Naval Warfare Movies

Decoding Nazi Secrets

Producer: Nova

Published: 1999
Country: USA
Length: 120 min.
Keywords: Enigma, Recommended

This is the VHS release (see more).


This documentary takes a detailed look at how the German Enigma cipher machine worked, and how Polish and British codebreakers were able to monitor German radio traffic in all branches of the German armed forces (Kriegsmarine, Luftwaffe, and Heer), consequently gaining the intelligence information that led to German defeats and which is said to have shortened World War II by two years.


Interviewees include former codebreakers at Bletchley Park, who recall the excitement and urgency of their task; and Erwin Rommel's son, who relates that his father never knew that the North African campaign was lost due to surveillance of his radio traffic (instead, he always suspected spies and informers among the Italians). In one of the most interesting segments, Georg Högel, radio officer on U-110, recounts the circumstances that led to the officers and crew abandoning the U-boat without first disposing of the confidential books; but admits that he returned one last time to the abandoned boat in order to retrieve a book of love poems he had written for his girlfriend.

The theme of human error recurs frequently in the narration, as cipher experts and Bletchley Park veterans note that it was the German conviction that the code was unbreakable that led to carelessness in transmissions and in changing rotor settings. The codebreakers' recollections of how they became intimately familiar with the habits of specific German radio operators and with general transmission practices lends an insight into the human aspect of the war which is often overlooked in discussions of Morse code, rotors, and calculating machines.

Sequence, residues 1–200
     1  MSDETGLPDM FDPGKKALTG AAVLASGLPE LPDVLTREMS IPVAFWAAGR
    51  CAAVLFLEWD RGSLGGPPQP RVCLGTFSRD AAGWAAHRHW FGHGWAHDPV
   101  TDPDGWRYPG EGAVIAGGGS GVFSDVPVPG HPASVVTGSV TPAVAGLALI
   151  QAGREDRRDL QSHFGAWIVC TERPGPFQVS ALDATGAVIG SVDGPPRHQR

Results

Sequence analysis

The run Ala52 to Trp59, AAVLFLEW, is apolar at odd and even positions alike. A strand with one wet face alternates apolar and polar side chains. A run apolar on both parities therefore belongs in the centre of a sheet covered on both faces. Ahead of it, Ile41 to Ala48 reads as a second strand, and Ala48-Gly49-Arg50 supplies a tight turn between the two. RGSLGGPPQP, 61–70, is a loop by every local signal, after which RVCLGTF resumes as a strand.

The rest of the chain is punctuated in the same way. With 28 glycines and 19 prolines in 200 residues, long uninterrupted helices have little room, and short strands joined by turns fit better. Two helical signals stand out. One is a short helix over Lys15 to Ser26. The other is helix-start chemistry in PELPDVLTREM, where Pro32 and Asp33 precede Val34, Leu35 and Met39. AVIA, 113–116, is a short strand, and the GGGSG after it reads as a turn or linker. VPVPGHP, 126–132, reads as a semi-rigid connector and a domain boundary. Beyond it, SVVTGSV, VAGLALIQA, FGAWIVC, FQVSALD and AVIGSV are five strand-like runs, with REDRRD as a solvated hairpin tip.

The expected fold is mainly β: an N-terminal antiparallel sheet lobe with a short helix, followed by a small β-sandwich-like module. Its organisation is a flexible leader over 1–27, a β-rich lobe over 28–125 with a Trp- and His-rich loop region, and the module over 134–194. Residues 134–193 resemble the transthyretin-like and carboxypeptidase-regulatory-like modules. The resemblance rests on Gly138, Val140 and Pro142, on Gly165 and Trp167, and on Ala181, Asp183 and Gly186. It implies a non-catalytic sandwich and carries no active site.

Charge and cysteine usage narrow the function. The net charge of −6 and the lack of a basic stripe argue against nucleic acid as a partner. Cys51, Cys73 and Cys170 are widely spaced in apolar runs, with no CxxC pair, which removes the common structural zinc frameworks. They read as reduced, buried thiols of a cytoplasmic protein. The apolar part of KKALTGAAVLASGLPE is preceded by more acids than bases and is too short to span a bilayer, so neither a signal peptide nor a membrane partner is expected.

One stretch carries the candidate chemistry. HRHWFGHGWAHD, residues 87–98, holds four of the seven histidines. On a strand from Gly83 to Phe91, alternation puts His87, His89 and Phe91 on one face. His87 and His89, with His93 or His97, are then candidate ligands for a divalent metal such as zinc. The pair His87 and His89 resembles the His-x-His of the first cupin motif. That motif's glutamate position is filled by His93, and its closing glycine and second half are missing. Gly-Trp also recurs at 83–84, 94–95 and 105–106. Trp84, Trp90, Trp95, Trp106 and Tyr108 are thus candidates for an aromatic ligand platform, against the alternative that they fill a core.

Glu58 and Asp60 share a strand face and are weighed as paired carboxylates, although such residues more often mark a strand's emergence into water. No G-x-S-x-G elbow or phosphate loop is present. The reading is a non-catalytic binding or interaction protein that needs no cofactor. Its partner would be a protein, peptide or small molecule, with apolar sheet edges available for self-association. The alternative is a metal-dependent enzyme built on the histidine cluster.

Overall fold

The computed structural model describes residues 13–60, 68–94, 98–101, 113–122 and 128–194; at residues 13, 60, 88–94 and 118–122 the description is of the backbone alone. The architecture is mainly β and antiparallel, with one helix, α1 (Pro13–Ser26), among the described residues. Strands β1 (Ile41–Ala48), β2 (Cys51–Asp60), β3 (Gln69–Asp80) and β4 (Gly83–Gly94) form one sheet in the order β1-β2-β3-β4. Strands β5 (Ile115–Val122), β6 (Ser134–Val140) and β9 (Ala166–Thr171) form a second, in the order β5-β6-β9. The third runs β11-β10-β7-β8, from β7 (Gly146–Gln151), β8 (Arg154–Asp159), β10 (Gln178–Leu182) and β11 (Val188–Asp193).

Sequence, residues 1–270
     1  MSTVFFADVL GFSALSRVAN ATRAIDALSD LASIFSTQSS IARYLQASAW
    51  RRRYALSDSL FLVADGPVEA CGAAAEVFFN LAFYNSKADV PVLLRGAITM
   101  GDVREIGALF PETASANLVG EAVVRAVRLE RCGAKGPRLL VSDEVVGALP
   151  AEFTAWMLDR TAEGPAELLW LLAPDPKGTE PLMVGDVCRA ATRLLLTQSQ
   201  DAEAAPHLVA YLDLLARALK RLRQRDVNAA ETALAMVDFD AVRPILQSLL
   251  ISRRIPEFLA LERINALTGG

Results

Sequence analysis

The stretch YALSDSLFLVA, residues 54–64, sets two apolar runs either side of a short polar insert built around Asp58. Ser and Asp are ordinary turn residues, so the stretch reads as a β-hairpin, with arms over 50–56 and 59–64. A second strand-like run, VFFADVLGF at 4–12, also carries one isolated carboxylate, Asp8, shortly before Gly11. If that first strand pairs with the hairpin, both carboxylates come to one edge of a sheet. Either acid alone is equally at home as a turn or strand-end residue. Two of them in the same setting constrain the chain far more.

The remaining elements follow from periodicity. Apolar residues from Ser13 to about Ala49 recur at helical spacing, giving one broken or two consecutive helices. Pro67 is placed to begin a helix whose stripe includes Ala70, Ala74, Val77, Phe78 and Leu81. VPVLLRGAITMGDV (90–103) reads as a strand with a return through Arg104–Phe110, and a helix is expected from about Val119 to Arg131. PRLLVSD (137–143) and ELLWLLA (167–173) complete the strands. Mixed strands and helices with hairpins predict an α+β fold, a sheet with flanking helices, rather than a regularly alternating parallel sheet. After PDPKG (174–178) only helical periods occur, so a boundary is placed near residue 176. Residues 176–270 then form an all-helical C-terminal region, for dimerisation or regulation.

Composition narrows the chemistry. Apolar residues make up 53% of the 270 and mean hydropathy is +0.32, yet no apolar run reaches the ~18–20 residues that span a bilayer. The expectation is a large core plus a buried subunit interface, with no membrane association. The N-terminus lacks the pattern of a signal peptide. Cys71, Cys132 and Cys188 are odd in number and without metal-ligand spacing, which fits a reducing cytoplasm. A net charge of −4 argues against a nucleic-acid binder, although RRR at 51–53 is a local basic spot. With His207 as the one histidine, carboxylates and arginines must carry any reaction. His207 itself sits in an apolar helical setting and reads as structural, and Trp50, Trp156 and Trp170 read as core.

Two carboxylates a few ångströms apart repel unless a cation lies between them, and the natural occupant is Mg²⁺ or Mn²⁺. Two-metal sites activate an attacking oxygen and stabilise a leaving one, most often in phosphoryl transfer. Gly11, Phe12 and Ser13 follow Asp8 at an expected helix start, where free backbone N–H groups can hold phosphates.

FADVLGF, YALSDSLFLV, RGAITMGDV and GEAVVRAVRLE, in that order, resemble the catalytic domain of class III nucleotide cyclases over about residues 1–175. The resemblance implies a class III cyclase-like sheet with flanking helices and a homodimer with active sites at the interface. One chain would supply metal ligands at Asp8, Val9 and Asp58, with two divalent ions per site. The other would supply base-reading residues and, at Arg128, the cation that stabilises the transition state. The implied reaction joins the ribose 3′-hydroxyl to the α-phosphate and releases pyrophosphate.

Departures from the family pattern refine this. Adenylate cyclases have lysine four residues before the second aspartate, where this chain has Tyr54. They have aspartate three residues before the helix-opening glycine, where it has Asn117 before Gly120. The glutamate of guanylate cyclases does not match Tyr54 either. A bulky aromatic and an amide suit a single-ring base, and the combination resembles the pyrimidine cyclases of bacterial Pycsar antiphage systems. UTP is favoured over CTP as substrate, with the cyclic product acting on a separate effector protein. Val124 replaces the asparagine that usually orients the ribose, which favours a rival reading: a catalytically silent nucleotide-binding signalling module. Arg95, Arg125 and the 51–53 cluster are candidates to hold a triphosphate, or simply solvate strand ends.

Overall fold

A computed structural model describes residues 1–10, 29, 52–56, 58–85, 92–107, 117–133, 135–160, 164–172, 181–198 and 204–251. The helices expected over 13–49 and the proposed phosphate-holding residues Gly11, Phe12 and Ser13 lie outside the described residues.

Also told is the story of the most vivid character among the codebreakers, the shy and eccentric mathematical genius Alan Turing. Another interesting note is that the first programmable computer, Colossus, was developed as part of the code-breaking effort, preceding its more famous postwar cousin ENIAC by several years. Due to the intense secrecy with which the British veiled their codebreaking operations for decades after the war's end, the existence of Colossus and many other devices and capabilities were unknown until recently.

The best part of this documentary had to be the close look at the inner workings of the Enigma machine. It really makes you wish you had one of your own.

Two U-boat related errors were noted: U-110 is incorrectly listed as the boat that sank the Athenia (really U-30), and wolfpacks were described as huge concentrations of 30 or more U-boats (in reality the number ranged from 3 to 20).

Overall this is an excellent documentary.